In the aftermath of the devastating conflict in northern Gaza, the true extent of the destruction becomes painfully clear. The landscape is now dominated by the skeletal remains of buildings, standing as a haunting reminder of the once vibrant city. Amidst this desolation, the Israel Defense Forces (IDF) continue to exert their stronghold, their vehicles rumbling through the empty streets.
Venturing into this somber scene, CNN accompanied the IDF on a journey to witness the recently exposed tunnel shaft discovered at Al-Shifa Hospital, the largest medical facility in the enclave. Traveling under the cover of darkness, the convoy carefully navigated the Gaza Strip, relying on night vision goggles to guide them along the way. They had six hours to explore Gaza, dedicating a significant portion of that time to the tunnel shaft.
The path through Gaza was marked by the profound scars of war. Buildings stood as mere shells, either completely destroyed or barely recognizable amidst the twisted wreckage. Life seemed to have vanished, as residents fled to the south or perished during the six weeks of conflict.
The journey began at a beach location where the IDF had established a staging area. From there, the reporters joined armored personnel carriers for the final kilometer to reach the hospital. Their only view of the outside world was through night-vision screens, but even in black and white, the level of destruction left them in awe.
Inside Gaza City, the streets were lined with the remnants of high-rise buildings and apartment towers. The absence of Palestinians to speak with, even under the escort of the IDF, became a stark reality. CNN reported from inside Gaza, abiding by the conditions set by the Israeli military, which required footage filmed in Gaza to be submitted for review and prohibited the disclosure of sensitive locations and soldiers’ identities. Despite these conditions, CNN maintained editorial control over the final report.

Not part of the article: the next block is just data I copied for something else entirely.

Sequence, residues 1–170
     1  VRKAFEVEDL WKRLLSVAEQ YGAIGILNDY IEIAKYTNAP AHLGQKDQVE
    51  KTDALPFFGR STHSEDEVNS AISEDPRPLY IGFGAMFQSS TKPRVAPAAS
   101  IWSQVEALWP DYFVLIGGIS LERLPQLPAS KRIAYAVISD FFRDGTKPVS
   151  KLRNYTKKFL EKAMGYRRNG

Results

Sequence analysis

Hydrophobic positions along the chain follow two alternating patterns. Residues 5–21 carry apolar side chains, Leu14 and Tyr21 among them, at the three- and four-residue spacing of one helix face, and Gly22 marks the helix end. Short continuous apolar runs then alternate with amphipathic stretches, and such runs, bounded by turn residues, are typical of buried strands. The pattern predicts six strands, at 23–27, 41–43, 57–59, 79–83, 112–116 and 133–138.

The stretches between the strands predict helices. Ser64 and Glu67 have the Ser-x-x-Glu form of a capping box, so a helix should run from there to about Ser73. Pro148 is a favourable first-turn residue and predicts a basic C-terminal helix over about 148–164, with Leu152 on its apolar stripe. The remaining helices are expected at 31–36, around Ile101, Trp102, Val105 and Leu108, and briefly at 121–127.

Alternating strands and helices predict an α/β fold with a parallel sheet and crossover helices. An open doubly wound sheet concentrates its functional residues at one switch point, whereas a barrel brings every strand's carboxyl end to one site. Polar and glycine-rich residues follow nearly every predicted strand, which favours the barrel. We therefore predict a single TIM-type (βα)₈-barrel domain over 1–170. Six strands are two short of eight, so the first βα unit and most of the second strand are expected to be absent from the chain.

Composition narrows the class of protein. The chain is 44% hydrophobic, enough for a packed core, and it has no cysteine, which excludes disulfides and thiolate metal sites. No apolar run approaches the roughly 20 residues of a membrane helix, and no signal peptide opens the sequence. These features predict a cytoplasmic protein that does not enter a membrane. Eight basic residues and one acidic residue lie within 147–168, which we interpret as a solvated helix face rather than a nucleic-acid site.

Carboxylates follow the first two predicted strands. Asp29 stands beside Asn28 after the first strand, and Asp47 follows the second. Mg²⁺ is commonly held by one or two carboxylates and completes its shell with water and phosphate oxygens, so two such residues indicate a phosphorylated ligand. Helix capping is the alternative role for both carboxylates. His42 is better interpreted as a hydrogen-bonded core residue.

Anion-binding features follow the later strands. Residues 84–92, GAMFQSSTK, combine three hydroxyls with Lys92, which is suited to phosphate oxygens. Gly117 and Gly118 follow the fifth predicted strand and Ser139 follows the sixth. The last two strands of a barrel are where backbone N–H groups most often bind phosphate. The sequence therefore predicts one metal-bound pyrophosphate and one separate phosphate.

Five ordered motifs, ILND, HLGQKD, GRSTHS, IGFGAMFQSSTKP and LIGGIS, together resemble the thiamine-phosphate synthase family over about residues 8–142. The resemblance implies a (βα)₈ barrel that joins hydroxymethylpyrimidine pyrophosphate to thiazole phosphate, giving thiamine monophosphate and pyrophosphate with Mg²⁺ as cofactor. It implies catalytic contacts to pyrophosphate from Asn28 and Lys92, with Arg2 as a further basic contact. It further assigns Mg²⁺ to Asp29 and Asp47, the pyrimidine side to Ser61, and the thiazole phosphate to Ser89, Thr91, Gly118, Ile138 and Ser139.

Stepping out of the armored vehicle, darkness engulfed the CNN team. Guided only by their red lights, they made their way to a nearby building and patiently waited for the Israeli forces to secure the area. The tunnel shaft was nearby, left entirely exposed.
According to Lt. Col. Tom, the commander leading the group, this tunnel was far larger than any he had encountered before. Its significant size marked a departure from the standard tunnels seen during the previous operation in 2014. The team had anticipated encountering a more active battlefield within Gaza City, but instead, an eerie silence enveloped them. The occasional sound of small arms fire offered a distant reminder of the urban warfare, amid a sea of darkness.
As midnight approached, the team neared the exposed tunnel shaft, eager to witness the promised “concrete evidence” that Hamas had utilized the hospital complex as a disguise for their underground activities, including a command and control center.
Prior to their visit, the IDF had released what they claimed to be evidence of weapons and ammunition found within the hospital. However, upon investigation, CNN discovered that some of these items had been relocated, failing to provide the conclusive proof of Hamas’ underground facilities. The discovery of the tunnel shaft the following day added a layer of intrigue, revealing an entrance to an unknown underground structure. The mystery surrounding the purpose and depth of this structure has captured international attention.
Standing at the edge of the tunnel shaft, the team observed its formidable architecture. A ladder hung at the top, hinting at the possibility of further exploration. In the center, a pole stood as if waiting for a spiral staircase to materialize. The shaft descended far beyond their sight, shrouded in the dim glow of their headlamps.
Video footage released by the IDF shed light on the hidden depths of the tunnel. A spiral staircase led down into a concrete passage, revealing a glimpse of what lay beneath the surface. According to the IDF, the tunnel extended approximately 10 meters downwards, with a total length of 55 meters. At the end of this enigmatic structure, a world remained shrouded in secrecy.
Q: Was the exposure of the tunnel shaft the first piece of evidence of Hamas’ underground activities?
A: The discovery of the tunnel shaft offered a significant piece of evidence, but the true extent and purpose of Hamas’ underground infrastructure remain a subject of exploration.
Q: Did the CNN team face any challenges in Gaza City?
A: Yes, the team experienced a profound sense of desolation as they witnessed the aftermath of war and encountered an eerie silence throughout their visit.